Monday, October 18, 2010

The Rocket Man Crashed in Los Angeles

The Theme Building at LAX ca. 1960 and Paul R. Williams, one of the designers.

Went back to Los Angeles last week for a business conference. Greeting me was the striking mid-century modern Theme Building at Los Angeles International Airport, newly restored.  The futuristic structure was designed in 1959 to give Angelenos a sense of unbridled optimism. It inspired the cartoon sky-buildings in The Jetsons.  When I was a child my father, a space scientist, traveled often for work to D.C.  Every time we went to pick him up from the airport I'd gaze with wonder at that white and blue spaceship with legs like the Martian invader ships in War of the Worlds.  My childhood was all about space travel, the outer realms of imagination and the future.  I grew up in the 1960s, a time brimming with a sense of change and possibility.  We never missed seeing Star Trek, Outer Limits, One Step Beyond and Twilight Zone.  I loved the works of Heinlein, Asimov, Clarke and Bradbury. I carefully pasted news clippings of the first moon landing in a scrapbook and the family together watched men walk on the moon with overwhelming pride.  Nothing was impossible. 

I truly believed that humans would live on other planets in my lifetime. My father nurtured that sense of embracing the future and readied us by giving us math problems to solve, instilling in us a love of literature and music, and also a sense of duty to him and my mother.  In his spare time he built complex abstract modern sculptures of wood and steel in sinuous, twisting shapes.  He came from India as a graduate student, met a beautiful, perceptive woman from Korea, had five children, moved to a big house with a swimming pool in the suburbs of Los Angeles, and lived, as so many Americans still do, on the edge of his means.  

But when I landed in Los Angeles last week, I gazed on the Theme Building with a sense of melancholy.  It had been over 35 years since I lived in L.A.  Sure, the spaceship structure looked shiny and new after millions of dollars of restoration, but its promise of the future looked dated -- a retro kind of impotence.  The well-worn freeways taking me from the airport were all too familiar.  No Jetsons hovercraft here, not even high-speed rail, just miles and miles of concrete, as far as the eye could see.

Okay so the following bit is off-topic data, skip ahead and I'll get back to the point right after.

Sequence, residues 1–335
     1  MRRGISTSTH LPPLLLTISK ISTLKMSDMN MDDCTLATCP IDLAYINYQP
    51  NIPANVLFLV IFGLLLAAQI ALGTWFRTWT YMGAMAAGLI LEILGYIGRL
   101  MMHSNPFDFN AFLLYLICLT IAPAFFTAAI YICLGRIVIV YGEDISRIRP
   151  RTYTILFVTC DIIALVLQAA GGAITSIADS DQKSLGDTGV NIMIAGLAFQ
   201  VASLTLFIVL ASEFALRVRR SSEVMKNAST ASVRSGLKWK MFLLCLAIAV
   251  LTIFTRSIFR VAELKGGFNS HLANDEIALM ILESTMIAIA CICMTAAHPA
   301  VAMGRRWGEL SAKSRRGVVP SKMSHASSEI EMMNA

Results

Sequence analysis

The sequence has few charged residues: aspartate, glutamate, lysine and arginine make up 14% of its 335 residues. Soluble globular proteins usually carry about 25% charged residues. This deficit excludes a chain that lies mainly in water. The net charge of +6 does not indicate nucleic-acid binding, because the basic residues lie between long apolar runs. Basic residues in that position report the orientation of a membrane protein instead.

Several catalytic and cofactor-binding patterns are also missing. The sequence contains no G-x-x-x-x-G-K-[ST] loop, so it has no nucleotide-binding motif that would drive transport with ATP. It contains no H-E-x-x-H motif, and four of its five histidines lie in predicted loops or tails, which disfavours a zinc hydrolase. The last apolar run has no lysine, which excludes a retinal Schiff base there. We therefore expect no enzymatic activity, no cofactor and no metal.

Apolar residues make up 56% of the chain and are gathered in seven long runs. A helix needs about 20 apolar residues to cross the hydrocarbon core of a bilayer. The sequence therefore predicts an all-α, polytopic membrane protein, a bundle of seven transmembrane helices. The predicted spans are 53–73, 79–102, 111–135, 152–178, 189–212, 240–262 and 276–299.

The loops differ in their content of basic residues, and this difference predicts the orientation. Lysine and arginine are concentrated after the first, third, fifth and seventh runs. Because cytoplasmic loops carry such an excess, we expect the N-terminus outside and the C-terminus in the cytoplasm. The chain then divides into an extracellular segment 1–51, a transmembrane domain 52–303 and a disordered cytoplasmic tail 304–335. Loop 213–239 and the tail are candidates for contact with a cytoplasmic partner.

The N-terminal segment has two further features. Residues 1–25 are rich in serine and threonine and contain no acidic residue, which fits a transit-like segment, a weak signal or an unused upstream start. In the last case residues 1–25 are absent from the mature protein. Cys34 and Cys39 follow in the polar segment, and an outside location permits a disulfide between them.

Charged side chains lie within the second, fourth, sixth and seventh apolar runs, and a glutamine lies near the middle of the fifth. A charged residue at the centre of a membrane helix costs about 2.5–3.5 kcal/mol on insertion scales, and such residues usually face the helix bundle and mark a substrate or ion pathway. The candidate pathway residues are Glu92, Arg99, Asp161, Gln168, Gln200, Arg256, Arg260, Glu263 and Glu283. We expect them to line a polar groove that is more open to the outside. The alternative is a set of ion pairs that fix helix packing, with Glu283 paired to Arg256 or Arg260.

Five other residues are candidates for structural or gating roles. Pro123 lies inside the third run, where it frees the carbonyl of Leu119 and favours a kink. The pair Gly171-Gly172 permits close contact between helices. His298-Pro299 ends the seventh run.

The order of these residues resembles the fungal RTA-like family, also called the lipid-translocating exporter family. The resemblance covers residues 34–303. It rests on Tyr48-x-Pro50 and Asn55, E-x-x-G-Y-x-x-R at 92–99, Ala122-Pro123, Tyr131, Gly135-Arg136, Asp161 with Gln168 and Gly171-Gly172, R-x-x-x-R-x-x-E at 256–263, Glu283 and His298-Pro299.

And my childhood home?  Thank you, but I prefer not to visit.  No one I know is home. The sixties gave way to the seventies.  Escalating costs of the Vietnam War drew funding away from the space program, and my father was out of a job.  Divorce and bankruptcy soon followed.  I recall combing the LA Times classifieds as a young teen for a first-ever job for my mom, who became a salesclerk at a high-end clothing store.  I also recall accompanying my father, who was always meticulously dressed and groomed, to the Federal Building on Wilshire Boulevard to pick up his mail and unemployment check.   

We didn't know if the space program would flourish again.  All we knew was that my father, a rocket scientist, could not find work.  And then, on the very day that the nation held its breath as Nixon resigned, my father, at the age of 50 -- in a serene act of what he believed was Hindu devotion, and because he thought he was worth more dead to his family than alive -- took his life.  It was August 9th, 1974, the day that the future darkened and changed course.  I was sixteen.  I left Los Angeles a year later for college and a lifetime of grappling with a deep, hidden sorrow.  My father left me with a final problem that could not be solved.

Today, the advances in science and technology would have delighted my father, not to mention the new Star Trek movie.  While his tragic, final act has haunted me to this day, it also pushed me to make the most of my one life.  I put myself through college and graduate schools, collected an array of degrees, found a wonderful husband late in life who respects me and makes me laugh every day, a dog who respects me some of the time and gives me unconditional love, and a dream job that keeps my mind sharp and spirits high. It's a happiness that focuses on day-to-day challenges and joys rather than on far-off galaxies.  

Would I have achieved all this if my father had lived?  I don't know.  All I know is that I did not care to linger in Los Angeles last week.  Too much sorrow was embedded in those freeways and swelled in the ever-returning waves of the Pacific Ocean.  I caught the first flight I could out of LAX after the conference and hurried home.


My father and mother, taken soon after they met in Chicago in the late 1940s.